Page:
- Different credit cards offer different perks.
- While charging all of your expenses on a single card could make your spending easier to track, you could also lose out on different benefits.
There are benefits and drawbacks to sticking with a single card.
Some people make a policy to charge all of their expenses on one credit card. Other consumers might use up to 10 different cards -- or more -- at a given time. If the idea of having to juggle multiple balances seems overwhelming, then you may want to stick to using one credit card only. But is that the best move?
The upside of a one-credit-card wallet
The best reason to limit yourself to a single credit card? You'll have an easier time tracking your spending and keeping up with your monthly payments.
Say you charge everything from cable to gas to groceries on the same credit card week after week. If you want to make sure you're not going overboard on spending, you can simply log into your account and see what your balance looks like. You won't have to add that balance to other balances.
Plus, if you're only using a single credit card, you can put its payment due date on your calendar and avoid running into a situation where you're late with your payments. If you decide to use six or seven credit cards at once, that's six or seven payment due dates you'll need to manage.
The downside of a one-credit-card wallet
Sticking with a single credit card might seem like an easy solution. But in doing so, you could miss out on rewarding perks.
Say you have a credit card that gives you extra cash back for gas and groceries, but doesn't come with travel perks, like free checked bags on airlines. Those are money-saving benefits you shouldn't be so quick to give up, especially if you tend to travel a lot.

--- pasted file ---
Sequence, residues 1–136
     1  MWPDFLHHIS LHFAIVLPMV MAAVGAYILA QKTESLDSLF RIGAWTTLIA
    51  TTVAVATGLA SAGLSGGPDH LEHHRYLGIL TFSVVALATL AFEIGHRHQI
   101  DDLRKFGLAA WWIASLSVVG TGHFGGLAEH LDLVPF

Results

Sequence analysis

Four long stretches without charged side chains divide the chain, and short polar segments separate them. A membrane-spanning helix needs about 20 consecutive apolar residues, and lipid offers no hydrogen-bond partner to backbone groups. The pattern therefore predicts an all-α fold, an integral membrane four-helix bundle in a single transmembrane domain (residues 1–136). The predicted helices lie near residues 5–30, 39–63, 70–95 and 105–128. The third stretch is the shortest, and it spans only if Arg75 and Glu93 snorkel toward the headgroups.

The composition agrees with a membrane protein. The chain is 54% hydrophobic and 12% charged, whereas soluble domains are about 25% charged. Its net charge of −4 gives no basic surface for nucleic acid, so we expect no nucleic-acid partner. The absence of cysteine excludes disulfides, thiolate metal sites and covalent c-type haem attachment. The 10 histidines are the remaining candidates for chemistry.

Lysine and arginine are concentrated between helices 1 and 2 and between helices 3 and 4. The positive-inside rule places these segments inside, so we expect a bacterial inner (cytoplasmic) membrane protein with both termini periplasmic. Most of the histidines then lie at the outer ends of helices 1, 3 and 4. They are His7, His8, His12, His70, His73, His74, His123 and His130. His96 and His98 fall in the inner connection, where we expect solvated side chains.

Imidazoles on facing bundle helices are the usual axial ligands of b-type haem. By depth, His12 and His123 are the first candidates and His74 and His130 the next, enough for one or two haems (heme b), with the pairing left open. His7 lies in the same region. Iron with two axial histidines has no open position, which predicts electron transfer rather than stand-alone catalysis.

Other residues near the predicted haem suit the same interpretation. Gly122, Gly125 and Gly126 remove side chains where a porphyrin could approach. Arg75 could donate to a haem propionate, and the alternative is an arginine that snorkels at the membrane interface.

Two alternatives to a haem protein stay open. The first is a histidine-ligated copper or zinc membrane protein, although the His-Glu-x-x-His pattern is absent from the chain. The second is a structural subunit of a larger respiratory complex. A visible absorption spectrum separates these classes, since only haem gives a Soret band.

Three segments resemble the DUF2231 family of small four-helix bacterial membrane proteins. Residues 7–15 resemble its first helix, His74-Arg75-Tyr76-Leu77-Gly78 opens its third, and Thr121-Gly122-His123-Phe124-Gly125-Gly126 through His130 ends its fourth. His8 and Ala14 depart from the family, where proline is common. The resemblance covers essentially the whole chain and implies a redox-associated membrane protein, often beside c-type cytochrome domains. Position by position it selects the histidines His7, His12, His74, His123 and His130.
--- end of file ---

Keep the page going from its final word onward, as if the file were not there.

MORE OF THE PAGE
What’s more, different credit cards come with different revolving rewards categories. So, say your card offers extra cash back at department stores and restaurants at certain parts of the year, but there's no bonus for hardware stores. If you're a newer homeowner, and you expect to do a lot of work on your property this year, it could pay to find a credit card that does have a period during which hardware store purchases result in added cash back.
Finally, perhaps you shop frequently at the same retailer. If you get a credit card for that retailer, you may be privy to special discounts, like 30% off of purchases during promotional periods. If you stick to a single credit card, you're unlikely to snag store-specific benefits.
What's the right call?
If you've struggled to manage multiple credit card accounts in the past, then limiting yourself to a single credit card could be a good bet. And if the credit card in question offers a lot of perks, then you may not end up missing out on much.
On the other hand, sticking to only one credit card could mean losing the opportunity to score money-saving benefits. It pays to consider expanding your credit card collection, even if you opt to do so slowly.
If you're used to using one credit card only, you don't have to go from that to a stuffed wallet. But going from one credit card to two or three may not be such a bad move.
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